Eighteenth Entry

 

 

Saturday April 4, 2020

Maybe it is the oddness of the Covid blanket, but the flowering trees have outdone themselves in the quiet of this year’s spring.  

Earlier tonight, locking my bike on Sullivan Street, I noticed the upper tapered part of the Empire State Building, including its spire, was red. I have seen that before, but tonight, the light was pulsing. I have never seen that. The word “pulse” held my attention while trying to understand what I was seeing. It struck me that a pulse indicates something steady, and possibly calming in its regularity. But this flashing had a disturbed beat—not a regular one. Maybe they were testing the lights, or perhaps there was a malfunction. I had to look away.   

Yams and potatoes are roasting in the oven, though it is after 1:00 AM. It seems like a good time to mention the end of this project. All things have a beginning, a middle, and an end. Today marks the first Covid Entry mailing. If the beginning foretells the end, I have an idea for the parting image of this series.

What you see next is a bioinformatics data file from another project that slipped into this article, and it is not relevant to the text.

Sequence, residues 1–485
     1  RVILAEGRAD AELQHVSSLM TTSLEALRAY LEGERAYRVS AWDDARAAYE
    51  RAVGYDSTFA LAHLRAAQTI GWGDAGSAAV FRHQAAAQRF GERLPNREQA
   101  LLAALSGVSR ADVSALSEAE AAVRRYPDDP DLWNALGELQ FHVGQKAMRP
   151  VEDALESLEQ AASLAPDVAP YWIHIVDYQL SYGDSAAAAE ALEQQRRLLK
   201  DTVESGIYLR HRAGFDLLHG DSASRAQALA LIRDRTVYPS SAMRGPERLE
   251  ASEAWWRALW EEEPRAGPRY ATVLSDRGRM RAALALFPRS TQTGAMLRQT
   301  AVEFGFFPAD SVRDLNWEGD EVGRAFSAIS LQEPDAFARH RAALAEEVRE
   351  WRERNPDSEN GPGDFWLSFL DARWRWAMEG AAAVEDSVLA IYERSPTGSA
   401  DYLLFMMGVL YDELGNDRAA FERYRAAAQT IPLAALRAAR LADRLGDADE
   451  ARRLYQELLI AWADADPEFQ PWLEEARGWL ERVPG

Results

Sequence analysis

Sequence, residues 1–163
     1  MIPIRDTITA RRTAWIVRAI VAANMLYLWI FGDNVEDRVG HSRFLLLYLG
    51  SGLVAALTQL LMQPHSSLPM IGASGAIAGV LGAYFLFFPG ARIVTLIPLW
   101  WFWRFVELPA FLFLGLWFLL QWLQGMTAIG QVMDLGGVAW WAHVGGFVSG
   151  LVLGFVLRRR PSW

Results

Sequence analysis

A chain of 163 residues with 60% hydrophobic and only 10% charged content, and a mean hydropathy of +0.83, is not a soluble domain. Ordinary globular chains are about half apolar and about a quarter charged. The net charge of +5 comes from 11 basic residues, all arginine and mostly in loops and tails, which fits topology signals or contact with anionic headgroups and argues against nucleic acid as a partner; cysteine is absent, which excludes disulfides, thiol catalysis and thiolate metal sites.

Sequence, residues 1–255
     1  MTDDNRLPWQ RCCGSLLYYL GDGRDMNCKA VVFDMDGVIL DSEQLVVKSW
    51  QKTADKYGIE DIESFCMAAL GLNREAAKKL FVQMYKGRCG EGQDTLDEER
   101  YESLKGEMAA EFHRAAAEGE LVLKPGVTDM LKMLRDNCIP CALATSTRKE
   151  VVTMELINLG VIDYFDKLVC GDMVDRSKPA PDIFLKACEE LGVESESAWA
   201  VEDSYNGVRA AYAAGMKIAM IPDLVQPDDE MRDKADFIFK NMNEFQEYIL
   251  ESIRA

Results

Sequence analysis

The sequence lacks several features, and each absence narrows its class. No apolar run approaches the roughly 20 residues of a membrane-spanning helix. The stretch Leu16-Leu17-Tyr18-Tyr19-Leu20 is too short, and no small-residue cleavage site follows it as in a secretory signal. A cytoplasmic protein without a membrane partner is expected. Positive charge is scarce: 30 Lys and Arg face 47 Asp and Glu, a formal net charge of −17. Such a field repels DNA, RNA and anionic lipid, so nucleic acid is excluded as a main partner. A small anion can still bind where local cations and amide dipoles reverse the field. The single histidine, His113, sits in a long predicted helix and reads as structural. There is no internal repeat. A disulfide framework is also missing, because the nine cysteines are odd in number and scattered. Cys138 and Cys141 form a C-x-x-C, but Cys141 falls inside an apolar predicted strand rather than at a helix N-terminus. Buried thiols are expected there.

Shakespeare’s Cassius said, “Where I did begin, there shall I end.” Since I decided to actually launch this project, I have been thinking about its end. Last night, Bastille Day popped into my mind as a possible end date. We will see. At least there is a plan, as much as plans exist these days.    

Speaking of plans and endings:
Later today, I hope to close the uneventful saga of helping my mother update her will. After minor revisions last year, it was 98% complete in January. As the severity of the local situation increased, her interest in finalizing it expanded. Even three weeks ago, I could not have imagined the effort and planning required to arrange for two witnesses to observe the signing of my mother’s will—a minute-long event. My mother is not the only 90 year-old mother and grandmother I know. It is a scary time for many, but being in your 90s must add quite a few layers of, let’s say, realistic concern.